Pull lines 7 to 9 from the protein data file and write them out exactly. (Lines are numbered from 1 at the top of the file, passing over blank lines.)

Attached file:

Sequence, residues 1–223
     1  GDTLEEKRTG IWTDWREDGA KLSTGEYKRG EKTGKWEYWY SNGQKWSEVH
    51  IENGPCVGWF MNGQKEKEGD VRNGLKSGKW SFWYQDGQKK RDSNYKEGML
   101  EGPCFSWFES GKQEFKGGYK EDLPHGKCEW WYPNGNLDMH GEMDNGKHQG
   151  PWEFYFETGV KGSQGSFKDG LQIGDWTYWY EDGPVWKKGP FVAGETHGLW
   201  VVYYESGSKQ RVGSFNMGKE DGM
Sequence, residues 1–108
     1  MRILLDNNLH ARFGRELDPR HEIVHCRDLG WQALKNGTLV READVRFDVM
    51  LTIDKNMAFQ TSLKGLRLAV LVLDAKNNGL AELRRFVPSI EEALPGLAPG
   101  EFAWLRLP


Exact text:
Sequence, residues 1–108
     1  MRILLDNNLH ARFGRELDPR HEIVHCRDLG WQALKNGTLV READVRFDVM
    51  LTIDKNMAFQ TSLKGLRLAV LVLDAKNNGL AELRRFVPSI EEALPGLAPG